Index Île Royale 15, 118, 120, 124. See also Cape Breton Island; Louisbourg Île Saint-Jean 118, 120 imperial exchange 10, 16–17, 34–8, 54, 65–8, 71–125, 151–2, 153–70, 176–7, 188–90, 211–12, 215–17, 223–4, 226, 233, 236. See also state involvement in empire India 139, 188 Innu (Montagnais) 209 Insh, George Pratt 33 Ireland 36, 79, 139. See also Ulster Iroquois. See Houdenasaunee Isles of Shoals 51 Isthmus of Chignecto 111, 141, 178, 180 Jacobitism 102, 115 Jamaica 74, 76, 81, 82, 95, 123 James VI and I, king of Scotland and England 24–7 passim, 33, 36, 55, 89, 90, 98 James VII and II, king of Scotland and England 78 Jamestown 34 Jenner, Thomas 49 Jennings, Francis 11, 18 Jesuits. See religious orders Joe, Rita 233–4 Johnson, Richard R. 95 Jones, David S. 203 Jones, Gareth Stedman 81 Jordan, Robert 48 Jordan, Samuel, 158–9 Josselyn, John 47 Kamensky, Jane 84 Kennebec River 41, 72, 80, 111, 113, 136–8 passim, 140, 144, 145, 153, 157–8, 163–4, 166–8 passim,

315

257n49. See also Norridgewock Kennebunk River 144 King Philip’s War 112, 131, 132–3, 134–5, 147, 148–9, 156, 230, 264n14, 265n27 King William’s War 143–4, 148 Kirkcudbright 26, 58 Kirke, family 28–30 passim, 55, 57, 210–11. See also Sir David Kirke Kirke, Sir David 16 Kittery 42, 47, 49, 135 Knepp, John 81 knights-baronets of Scotland 27–8, 30, 31–2, 35, 55, 57, 58, 63, 64, 89, 91–2, 93, 95, 100 Kupperman, Karen Ordahl 14 Laconia Company 46–7 La Hève 45, 46, 62, 64, 228 Lake, Thomas 64 landholding 41, 43–4, 45–52, 162, 163–4, 165–6. See also féodalité; proprietary system; seigneurial system La Roche 76 La Rochelle 15, 46, 61, 62, 63, 196 La Tour. See Saint-Étienne Laud, William 33 Lawrence, Charles 179–80, 182 Leach, Douglas Edward 11 LeBlanc, Raymond 234 LeBlanc, Ronnie-Gilles 4, 9 Le Blant, Robert 13 Le Borgne, Emmanuel 42, 46, 63, 64 Le Borgne, family 45. See also Emmanual Le Borgne Legge, William, Earl of Dartmouth 89 Le Jeune, Paul 212

316

Index

Lescarbot, Marc 195 Leverett, John 85 Liebel, Jean 278n11 Liverpool (Nova Scotia) 274n27 London 23, 25–9 passim, 32, 38, 42, 58, 63, 64, 72–3, 75–6, 78–9, 84, 85, 94, 97, 98, 106, 113, 119, 120, 122, 140, 180, 186. See also London, treaty of London, treaty of 202 Long Island 32, 196 Lorenz, Edward N. 198–9 Louis XIV, king of France 105, 106, 108 Louisbourg 115, 116, 173, 177–80 passim Loyalism, Loyalists 7, 171–2, 174, 187–8, 189–90, 223 Lunenburg 172, 178, 180, 182 Lygonia, province 42 Lythe, S.G.E. 34 McGrail, Thomas H. 24, 33 McKinley, William 222 MacLennan, Hugh 222 Madockawando 144 Mahican 210 Maine 3, 7, 11, 19, 40–4, 46–9, 50–2, 72, 73, 80, 111–13, 135–8, 140, 143–7, 153–70, 227, 228 Maliseet. See Wulstukwiuk Malone, Patrick M. 130, 132–3 Mancke, Elizabeth 172, 177, 188, 202 Mar, Earl of. See Erskine March, John 77 Maritime Provinces 3, 26, 54, 90, 171, 221, 231. See also New Brunswick; Nova Scotia; Prince Edward Island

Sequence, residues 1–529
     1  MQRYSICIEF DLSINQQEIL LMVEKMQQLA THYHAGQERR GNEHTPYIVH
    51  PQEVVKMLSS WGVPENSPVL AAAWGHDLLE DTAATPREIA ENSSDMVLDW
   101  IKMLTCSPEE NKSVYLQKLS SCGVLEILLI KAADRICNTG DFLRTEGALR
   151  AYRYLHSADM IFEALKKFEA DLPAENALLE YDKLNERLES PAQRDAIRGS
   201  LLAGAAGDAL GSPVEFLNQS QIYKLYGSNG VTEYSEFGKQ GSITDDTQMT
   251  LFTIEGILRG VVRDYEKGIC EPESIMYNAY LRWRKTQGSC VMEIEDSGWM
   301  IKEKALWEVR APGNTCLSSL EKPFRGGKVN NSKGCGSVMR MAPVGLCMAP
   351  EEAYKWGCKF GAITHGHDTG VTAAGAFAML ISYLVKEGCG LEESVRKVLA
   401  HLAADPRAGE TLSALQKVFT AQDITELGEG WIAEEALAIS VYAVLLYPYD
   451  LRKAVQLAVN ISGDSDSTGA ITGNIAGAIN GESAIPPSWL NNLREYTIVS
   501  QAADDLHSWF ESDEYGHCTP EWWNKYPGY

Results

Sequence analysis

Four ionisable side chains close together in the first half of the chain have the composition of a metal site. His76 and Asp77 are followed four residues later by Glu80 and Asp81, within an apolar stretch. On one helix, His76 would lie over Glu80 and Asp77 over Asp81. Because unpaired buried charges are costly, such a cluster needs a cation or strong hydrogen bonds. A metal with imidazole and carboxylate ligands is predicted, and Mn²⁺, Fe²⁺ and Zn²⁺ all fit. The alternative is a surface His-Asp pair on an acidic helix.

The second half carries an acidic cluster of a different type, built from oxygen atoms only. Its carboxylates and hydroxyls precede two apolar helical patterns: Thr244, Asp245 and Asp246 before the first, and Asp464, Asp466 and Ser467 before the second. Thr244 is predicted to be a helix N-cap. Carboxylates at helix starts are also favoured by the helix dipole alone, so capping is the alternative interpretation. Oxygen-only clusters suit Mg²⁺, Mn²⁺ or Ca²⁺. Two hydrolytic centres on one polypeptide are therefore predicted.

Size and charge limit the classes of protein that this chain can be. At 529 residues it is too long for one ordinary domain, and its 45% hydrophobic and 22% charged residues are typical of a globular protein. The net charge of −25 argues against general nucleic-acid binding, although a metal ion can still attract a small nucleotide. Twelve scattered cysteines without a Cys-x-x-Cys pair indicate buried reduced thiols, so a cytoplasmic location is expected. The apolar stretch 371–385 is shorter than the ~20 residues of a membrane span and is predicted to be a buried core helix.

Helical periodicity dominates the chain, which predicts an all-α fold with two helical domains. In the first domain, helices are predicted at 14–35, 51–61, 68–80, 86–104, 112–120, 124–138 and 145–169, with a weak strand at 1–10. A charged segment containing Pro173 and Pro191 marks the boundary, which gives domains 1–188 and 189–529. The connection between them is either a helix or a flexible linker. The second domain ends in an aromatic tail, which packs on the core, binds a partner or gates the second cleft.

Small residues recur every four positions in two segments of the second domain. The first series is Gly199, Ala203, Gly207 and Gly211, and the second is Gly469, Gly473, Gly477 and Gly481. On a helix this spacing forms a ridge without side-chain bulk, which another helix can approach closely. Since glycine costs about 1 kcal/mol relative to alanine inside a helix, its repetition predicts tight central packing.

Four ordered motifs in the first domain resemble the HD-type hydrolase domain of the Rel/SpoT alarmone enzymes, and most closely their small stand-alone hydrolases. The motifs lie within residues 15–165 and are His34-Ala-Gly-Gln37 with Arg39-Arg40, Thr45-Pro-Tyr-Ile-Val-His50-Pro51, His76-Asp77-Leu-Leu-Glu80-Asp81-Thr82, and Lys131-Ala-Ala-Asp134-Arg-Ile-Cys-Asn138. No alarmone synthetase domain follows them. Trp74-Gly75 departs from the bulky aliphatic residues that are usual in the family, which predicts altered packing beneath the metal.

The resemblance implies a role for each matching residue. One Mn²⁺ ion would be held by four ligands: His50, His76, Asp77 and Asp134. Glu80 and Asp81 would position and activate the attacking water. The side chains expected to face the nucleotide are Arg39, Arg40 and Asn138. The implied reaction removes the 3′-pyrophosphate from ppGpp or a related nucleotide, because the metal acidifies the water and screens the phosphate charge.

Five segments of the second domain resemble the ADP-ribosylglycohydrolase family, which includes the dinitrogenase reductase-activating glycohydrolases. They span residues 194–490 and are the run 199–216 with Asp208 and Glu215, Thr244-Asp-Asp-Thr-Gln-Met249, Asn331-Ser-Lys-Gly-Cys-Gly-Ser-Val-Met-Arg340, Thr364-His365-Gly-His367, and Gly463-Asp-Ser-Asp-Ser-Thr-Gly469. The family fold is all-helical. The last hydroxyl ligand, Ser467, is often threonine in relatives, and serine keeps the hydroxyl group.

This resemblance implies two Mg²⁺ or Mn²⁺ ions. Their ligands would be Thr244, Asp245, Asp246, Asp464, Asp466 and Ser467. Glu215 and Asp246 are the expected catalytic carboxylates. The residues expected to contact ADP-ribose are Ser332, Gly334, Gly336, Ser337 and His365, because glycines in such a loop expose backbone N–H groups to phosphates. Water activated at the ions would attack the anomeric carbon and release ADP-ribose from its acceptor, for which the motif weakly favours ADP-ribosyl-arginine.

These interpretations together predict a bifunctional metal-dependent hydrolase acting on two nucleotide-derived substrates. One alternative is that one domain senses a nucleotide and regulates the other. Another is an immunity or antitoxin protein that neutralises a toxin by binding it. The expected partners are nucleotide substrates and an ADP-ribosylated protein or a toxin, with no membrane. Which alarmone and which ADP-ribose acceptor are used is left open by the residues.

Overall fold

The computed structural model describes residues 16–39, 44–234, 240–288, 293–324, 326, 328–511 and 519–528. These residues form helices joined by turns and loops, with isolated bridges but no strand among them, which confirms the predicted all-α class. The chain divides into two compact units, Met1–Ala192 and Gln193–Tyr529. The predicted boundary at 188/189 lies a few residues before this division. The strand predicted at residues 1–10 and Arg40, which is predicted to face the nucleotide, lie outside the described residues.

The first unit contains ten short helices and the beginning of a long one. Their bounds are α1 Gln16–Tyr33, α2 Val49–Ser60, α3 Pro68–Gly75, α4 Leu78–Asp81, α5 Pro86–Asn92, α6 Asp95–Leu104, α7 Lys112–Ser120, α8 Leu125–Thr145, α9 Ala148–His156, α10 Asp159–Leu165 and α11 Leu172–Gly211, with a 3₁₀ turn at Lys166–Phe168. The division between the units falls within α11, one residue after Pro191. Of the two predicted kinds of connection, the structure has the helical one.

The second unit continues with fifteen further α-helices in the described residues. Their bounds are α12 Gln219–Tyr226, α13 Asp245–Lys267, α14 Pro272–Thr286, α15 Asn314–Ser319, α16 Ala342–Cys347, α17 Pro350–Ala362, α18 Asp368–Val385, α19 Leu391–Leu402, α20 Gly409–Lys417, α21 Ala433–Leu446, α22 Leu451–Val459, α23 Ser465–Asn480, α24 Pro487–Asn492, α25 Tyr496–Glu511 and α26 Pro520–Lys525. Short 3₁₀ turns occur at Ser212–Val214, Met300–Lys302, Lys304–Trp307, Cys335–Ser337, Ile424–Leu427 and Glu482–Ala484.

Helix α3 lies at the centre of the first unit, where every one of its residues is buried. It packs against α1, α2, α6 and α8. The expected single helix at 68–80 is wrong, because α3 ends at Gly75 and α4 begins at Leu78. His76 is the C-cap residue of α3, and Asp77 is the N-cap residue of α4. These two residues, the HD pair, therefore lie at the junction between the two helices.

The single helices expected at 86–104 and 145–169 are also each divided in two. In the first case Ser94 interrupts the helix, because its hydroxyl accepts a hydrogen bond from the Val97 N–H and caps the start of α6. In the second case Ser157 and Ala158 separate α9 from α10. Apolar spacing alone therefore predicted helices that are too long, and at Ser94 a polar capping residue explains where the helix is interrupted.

Marquis, Greg 6–7 Marshall, Joe B. 224 Marshall, P.J. 12, 188 Martin, Ged 198 Mary II, queen of Scotland and England 78, 96 Mason, John 47, 48 Massachusetts 10, 32, 39, 40, 42, 44, 47–52 passim, 63–4, 71–86, 92–3, 96, 97, 102, 110–14 passim, 118, 130, 136–49 passim, 153, 156, 158, 167, 175, 177, 214, 230. See also Boston; Massachusetts General Court Massachusetts General Court 72, 99, 140–1, 145, 149, 157, 158 Mather, Cotton 71–3, 76, 77, 78, 82, 85–6 Mather, Increase 74, 78–9, 86 Maugerville 180, 274n27 Maxwell, William 28 Melanson, family 91 Melvoin, Richard I. 134 Membertou 195, 204, 209 Meneval. See Des Friches Menou d’Aulnay, Charles de 37, 38, 41, 44–7, 49, 50–1, 62–3, 67, 93, 110–11, 228 Menstrie 24 Menteith, Earl of. See Graham merchants 34, 38, 40, 45, 58, 60–8 passim, 79, 83, 93, 98, 114, 121, 148, 157, 174, 175, 196, 201, 202, 209, 213–16, 217, 220, 226 Merrimac River 144 Merrymeeting Bay 167 Metacom 230. See also King Philip’s War Mi’kma’ki 90, 172, 174, 190, 204, 227, 231, 234–5